Saturday, 23 July 2011

RECEIVERS ARE to take control of housebuilder McInerney on behalf of three banks owed €113 million after the Supreme Court yesterday ruled against a rescue plan for the business backed by US private equity fund Oaktree Capital.

The ruling ends the process that began last August when the High Court appointed Bill O’Riordan of PricewaterhouseCoopers as examiner to five of the group’s Irish firms, and lifts the protection from creditors given to the business at that point.

As a result, three banks – Anglo Irish, Bank of Ireland and KBC – are to appoint receivers, said to be accountancy firm KPMG, to the firms. The banks had proposed to regain their debt through a 10-year receivership, during which the companies’ sites would be developed and the houses sold.

Meanwhile, the board of their parent, McInerney Holdings plc, will go ahead with an extraordinary general meeting next Friday, where it will ask shareholders to place that entity in liquidation. Its British and Spanish operations have been sold and the proceeds used to pay other bank debts.

The rescue plan involved an offer of €25 million from Oaktree to the banks in final settlement of the debt. The US fund was prepared to invest up to €54 million, including the bank settlement, in the Irish business, which it believed had a long-term future.

The High Court refused to approve the proposal earlier this year as it unfairly prejudiced the interests of Belgian lender KBC.

Yesterday Mr Justice Donal O’Donnell, Mr Justice Joseph Finnegan and Mr Justice Liam McKechnie comprised the majority dismissing the McInerney appeal, while Mr Justice Nial Fennelly and Ms Justice Fidelma Macken were the dissenting judges.

The court also dismissed the banks’ cross-appeal against the decision of Mr Justice Frank Clarke to allow the High Court case to be reopened after he had decided all three banks would be prejudiced by the rescue plan.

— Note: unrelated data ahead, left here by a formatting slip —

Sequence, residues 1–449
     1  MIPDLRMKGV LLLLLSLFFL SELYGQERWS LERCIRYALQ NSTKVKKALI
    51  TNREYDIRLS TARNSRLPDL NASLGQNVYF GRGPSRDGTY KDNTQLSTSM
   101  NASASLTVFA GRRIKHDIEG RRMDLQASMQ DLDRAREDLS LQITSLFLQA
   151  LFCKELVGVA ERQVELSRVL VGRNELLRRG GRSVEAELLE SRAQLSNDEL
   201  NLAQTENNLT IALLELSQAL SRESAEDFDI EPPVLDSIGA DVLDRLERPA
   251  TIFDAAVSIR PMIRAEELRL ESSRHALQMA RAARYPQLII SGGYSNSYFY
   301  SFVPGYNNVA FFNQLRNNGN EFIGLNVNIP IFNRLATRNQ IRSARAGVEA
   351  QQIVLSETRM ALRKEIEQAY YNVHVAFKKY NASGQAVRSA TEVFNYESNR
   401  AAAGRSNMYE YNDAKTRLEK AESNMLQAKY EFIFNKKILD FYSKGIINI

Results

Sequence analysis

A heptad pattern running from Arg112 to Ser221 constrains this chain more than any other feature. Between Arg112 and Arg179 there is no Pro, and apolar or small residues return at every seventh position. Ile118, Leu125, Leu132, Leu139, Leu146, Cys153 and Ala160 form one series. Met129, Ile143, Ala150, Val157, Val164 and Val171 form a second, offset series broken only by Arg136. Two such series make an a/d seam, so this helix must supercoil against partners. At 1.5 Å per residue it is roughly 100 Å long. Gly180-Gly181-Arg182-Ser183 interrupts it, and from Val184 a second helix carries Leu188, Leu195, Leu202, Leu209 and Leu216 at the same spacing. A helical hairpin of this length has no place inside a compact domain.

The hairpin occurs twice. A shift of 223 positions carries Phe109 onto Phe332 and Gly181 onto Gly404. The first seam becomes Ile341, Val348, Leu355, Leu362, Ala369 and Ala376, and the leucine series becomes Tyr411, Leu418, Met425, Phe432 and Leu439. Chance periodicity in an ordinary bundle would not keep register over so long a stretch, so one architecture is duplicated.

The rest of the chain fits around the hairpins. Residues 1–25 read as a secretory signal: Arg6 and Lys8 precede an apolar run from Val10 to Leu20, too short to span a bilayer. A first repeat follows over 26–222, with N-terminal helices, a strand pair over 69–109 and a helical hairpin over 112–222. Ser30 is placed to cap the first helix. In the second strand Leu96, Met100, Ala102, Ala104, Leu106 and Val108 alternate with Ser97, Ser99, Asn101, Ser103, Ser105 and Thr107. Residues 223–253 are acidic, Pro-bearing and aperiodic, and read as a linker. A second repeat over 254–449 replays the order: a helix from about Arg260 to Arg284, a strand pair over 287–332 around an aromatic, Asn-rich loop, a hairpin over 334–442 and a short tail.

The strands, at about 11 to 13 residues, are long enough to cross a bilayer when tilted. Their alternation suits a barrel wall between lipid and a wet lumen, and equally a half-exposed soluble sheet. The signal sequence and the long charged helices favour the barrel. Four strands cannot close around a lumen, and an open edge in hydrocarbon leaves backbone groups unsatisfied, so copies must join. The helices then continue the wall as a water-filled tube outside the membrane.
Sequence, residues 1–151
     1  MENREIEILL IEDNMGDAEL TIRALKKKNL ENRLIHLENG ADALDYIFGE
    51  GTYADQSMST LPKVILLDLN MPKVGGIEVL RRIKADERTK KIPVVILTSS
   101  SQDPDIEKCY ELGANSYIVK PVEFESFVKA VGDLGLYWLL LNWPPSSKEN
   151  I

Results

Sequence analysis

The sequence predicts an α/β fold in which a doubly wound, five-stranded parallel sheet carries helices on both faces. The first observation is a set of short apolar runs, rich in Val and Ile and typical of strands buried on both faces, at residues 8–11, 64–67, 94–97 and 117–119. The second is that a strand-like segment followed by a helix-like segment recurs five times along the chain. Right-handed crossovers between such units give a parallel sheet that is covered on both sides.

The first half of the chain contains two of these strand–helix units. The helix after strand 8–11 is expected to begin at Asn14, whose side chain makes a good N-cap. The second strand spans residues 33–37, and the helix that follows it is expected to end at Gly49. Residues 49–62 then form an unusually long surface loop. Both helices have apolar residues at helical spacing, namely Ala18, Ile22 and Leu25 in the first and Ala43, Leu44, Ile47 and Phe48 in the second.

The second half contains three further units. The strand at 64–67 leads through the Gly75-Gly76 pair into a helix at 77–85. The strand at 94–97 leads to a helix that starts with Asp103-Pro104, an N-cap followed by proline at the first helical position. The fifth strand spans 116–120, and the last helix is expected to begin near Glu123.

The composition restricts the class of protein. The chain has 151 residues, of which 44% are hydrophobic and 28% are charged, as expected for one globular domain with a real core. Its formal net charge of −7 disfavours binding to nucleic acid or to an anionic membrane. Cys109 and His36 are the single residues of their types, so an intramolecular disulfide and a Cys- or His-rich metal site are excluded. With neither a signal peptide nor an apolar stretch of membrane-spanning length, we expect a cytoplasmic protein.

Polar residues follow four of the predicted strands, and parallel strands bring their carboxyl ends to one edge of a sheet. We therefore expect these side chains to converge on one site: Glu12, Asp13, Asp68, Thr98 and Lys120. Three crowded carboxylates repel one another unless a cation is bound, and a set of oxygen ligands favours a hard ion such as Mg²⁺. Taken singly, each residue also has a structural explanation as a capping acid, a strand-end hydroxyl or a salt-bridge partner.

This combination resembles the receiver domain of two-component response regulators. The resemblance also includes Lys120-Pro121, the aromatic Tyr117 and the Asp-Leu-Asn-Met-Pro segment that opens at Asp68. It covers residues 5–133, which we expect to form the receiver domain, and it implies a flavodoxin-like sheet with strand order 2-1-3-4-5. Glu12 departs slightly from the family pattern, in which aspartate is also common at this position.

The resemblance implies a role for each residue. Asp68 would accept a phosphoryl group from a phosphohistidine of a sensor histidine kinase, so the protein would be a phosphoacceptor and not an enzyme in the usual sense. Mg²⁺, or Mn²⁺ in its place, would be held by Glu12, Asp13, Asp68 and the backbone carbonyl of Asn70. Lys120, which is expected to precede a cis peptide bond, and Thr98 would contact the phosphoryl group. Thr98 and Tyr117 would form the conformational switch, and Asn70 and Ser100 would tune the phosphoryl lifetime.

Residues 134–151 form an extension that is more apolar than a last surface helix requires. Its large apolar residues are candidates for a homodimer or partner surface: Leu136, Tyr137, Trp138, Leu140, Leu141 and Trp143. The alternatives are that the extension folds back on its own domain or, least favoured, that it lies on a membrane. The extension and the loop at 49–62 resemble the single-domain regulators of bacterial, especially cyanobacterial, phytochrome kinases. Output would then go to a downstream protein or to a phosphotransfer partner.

Mr Justice Clarke revisited his decision after being told there was a likelihood the National Asset Management Agency would take over the loans to McInerney from the two Irish banks. In his final decision, he ruled, the plan would be unfairly prejudicial to KBC but, even where a rescue plan was unfairly prejudicial to only one party, it remained unfairly prejudicial.

In his 74-page judgment, Mr Justice O’Donnell said McInerney had failed to show the receivership model would not have the prospect of a return of significantly more than €25 million and also failed to show the proposals were not unfairly prejudicial to the secured creditors. The High Court was correct in concluding it could not approve the proposals, he said.

There was something fundamentally implausible in the companies’ vehement claims the receivership-controlled work out would generate a return of only €18 million – or might incur losses of €11 million, he added.

Mr Justice O’Donnell said he believed acquisition by Nama of some of the McInerney loans would involve payment to the banks of something more than present-day market value of the properties involved. The companies also failed to show KBC would not do better under that than under the rescue scheme.

McInerney’s directors said afterwards they were disappointed at the ruling. They pointed out it meant a €54 million investment that would have saved 100 jobs and resulted in a €2 million payment to trade creditors, could not now go ahead.

It was “highly regrettable that the banks were unwilling to reach an accommodation with the investor and that a company such as McInerney, capable of attracting such a substantial foreign investment in this manner, should be allowed fail,” they said.



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